Pact with Pusa institute for Delhi’s urban farming plan

Updated on Mar 28, 2022 05:10 AM IST

Officials said the Delhi government will also organise a conference with experts and NGOs working in the field of urban farming on April 25, following which training workshops are set to commence.

Indra Mani from the Centre of Protected Cultivation Technology at IARI says that urban farming has slowly been gaining traction over the last decade to ensure optimum utilisation of space. (Representational image/REUTERS FILE)
Indra Mani from the Centre of Protected Cultivation Technology at IARI says that urban farming has slowly been gaining traction over the last decade to ensure optimum utilisation of space. (Representational image/REUTERS FILE)
By, New Delhi

The Delhi government will soon sign a memorandum of understanding (MoU) with the Indian Agriculture Research Institute (IARI) in Pusa to help train women across the city in urban farming over the next two years, an ambitious plan with which the state government expects to create 25,000 ‘green jobs’, officials aware of the matter said.

The plan was first announced by Delhi environment minister on March 7. It was also mentioned by deputy chief minister Manish Sisodia when he presented the Delhi Budget for 2022-23 on Saturday.

Officials said the Delhi government will also organise a conference with experts and NGOs working in the field of urban farming on April 25, following which training workshops are set to commence.

“The aim is to cover all municipal wards and IARI, along with experts from NGOs could be roped in to provide training to RWAs in each ward. Once this training is imparted, they (the trainees) will be asked to assist others in their neighbourhood. A common helpline number will also be set up through which people can procure items such as manure, seeds, soil and other essential items,” a senior Delhi government official said.

Rai on March 7 had also announced the formation a ward-level environment committee, comprising of locals, RWA members and experts, which will assist in taking the initiative forward. “People can also reach out to these committees to understand urban farming better,” Rai said.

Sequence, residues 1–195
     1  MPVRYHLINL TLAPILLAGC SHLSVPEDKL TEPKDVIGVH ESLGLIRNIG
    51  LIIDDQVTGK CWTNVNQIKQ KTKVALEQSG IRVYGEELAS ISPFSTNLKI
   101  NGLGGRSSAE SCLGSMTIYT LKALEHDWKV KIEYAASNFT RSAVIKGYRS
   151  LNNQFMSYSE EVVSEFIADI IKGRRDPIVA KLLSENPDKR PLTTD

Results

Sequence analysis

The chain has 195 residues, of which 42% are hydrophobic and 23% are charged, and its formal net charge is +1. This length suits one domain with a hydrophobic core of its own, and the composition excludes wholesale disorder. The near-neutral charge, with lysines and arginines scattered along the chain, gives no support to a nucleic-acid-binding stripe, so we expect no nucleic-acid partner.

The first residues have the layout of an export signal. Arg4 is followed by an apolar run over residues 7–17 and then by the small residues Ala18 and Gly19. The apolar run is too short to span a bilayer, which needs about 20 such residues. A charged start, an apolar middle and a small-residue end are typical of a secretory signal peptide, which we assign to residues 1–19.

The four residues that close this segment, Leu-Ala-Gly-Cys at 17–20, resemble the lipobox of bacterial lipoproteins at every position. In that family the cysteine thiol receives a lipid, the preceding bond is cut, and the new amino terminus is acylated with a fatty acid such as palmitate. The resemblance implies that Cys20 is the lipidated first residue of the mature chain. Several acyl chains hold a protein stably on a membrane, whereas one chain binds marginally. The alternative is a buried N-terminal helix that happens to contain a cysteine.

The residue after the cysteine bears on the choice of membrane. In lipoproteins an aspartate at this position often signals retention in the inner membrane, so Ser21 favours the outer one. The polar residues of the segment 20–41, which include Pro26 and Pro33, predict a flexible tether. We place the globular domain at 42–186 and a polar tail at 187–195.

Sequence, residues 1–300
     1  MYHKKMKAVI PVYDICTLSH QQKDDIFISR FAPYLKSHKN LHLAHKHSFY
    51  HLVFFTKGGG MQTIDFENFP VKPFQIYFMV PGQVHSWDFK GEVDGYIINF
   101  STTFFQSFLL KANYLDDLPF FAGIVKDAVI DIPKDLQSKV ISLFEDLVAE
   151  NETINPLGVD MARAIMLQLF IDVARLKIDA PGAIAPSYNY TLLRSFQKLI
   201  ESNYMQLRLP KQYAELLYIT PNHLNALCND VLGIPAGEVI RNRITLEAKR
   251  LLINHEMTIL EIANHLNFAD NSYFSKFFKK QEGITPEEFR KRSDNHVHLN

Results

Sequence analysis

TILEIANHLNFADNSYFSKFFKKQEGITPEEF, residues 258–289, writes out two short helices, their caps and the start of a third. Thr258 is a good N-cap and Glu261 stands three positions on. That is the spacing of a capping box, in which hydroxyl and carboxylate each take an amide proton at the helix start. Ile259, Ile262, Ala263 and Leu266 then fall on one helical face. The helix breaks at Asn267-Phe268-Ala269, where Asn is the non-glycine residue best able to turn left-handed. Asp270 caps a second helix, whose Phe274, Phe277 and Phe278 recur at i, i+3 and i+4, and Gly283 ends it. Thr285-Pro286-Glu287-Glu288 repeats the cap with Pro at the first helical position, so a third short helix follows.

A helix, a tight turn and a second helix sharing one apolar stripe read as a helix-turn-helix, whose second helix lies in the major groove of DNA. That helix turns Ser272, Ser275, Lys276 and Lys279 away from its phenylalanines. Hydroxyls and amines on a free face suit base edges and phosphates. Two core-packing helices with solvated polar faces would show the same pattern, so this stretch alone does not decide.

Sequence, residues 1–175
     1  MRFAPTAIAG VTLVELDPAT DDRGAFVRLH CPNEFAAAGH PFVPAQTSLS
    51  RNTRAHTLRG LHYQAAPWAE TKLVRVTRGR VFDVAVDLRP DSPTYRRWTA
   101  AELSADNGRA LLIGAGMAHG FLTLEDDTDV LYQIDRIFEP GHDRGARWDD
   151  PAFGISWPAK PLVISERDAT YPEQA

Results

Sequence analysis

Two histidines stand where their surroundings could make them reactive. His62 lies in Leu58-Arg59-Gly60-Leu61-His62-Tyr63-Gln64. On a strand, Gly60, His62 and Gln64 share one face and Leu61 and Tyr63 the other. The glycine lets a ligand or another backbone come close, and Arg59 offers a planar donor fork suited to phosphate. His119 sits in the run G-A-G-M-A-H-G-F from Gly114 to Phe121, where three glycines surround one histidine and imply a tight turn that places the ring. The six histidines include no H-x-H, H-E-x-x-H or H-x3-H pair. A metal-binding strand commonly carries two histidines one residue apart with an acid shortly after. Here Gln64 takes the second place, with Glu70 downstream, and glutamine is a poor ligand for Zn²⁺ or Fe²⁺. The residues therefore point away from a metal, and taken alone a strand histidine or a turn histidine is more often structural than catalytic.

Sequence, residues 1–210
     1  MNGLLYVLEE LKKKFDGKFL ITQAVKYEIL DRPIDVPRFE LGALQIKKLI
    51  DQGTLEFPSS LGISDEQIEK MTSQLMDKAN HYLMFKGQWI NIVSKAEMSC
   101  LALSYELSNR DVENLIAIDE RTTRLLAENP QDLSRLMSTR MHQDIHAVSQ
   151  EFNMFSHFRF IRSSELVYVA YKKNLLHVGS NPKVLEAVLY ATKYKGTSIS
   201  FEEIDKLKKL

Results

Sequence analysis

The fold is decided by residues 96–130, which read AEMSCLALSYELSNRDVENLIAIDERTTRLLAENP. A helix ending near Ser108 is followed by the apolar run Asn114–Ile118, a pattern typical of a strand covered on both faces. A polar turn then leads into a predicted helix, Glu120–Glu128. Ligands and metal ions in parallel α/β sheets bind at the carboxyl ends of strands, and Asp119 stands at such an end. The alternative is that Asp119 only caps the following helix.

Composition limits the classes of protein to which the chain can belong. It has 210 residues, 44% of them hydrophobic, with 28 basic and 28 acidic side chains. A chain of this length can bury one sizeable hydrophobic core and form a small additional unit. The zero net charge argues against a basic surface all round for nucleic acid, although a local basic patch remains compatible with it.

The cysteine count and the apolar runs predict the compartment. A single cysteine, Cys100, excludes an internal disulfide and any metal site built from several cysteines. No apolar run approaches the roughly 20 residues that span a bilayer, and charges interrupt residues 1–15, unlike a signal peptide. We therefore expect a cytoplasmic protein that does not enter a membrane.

Indra Mani from the Centre of Protected Cultivation Technology at IARI says that urban farming has slowly been gaining traction over the last decade to ensure optimum utilisation of space.

“We realised the need for urban farming to be even greater during the pandemic and the aim will be to teach people, particularly housewives on how vegetables can be grown on rooftops by using simple farming techniques. There is a commercial scope to this as well and techniques such as hydroponic or aeroponic farming, which are still relatively unknown to the common man, are also going to be taught. Depending on the kind of space on people’s rooftops or terrace, different methods could be used, but the goal is to provide fresh produce and vegetables to people more easily,” said Mani.

Experts say urban farming can be done using hydroponic techniques (soil-less farming), aeroponic farming (soil-less farming and reduced water dependence) or a simpler technique called container farming where soil is used in narrow horizontal strips of wood.

GV Ramanjaneyulu, executive director at the Centre for Sustainable Agriculture in Hyderabad, where the trend or urban or rooftop farming is catching up quickly, says leafy vegetables are the easiest to grow. He recommends carrying out container farming by laying down a thin protecting film on the ground on which a layer of the soil can be laid. “The sides are generally covered by wood to prevent the wood from coming out. This has a dual effect. It keeps the roof cool and vegetables can be grown easily and different varieties can be grown together,” he says, stating the soil should be at least six inches deep and five to six hours of direct sunlight was recommended for anyone to carry out rooftop farming.

Plants such as radishes, lettuce and spinach may only take a month’s time from being sown to be ready, while carrots roughly take 45 days.

Umendra Dutt, a member of the Indian Council of Agricultural Research (ICAR) and executive director of the Kheti Virasat Mission in Punjab says Delhi receives adequate sunlight throughout the year, making rooftop farming a viable and pesticide-free option, stressing that households carrying it out across the world are also cutting down waste generation. “Almost the entirety of the kitchen waste can then be composed. Even items like paper are utilised to produce manure and ultimately, not only is one getting fresh produce but only non-biodegradable items like plastic, metals and glass are being discarded from the household. With the right expertise, this trend can catch up quickly,” says Dutt, while also suggesting the government to build dedicated pockets in parks around the city for kitchen farming.

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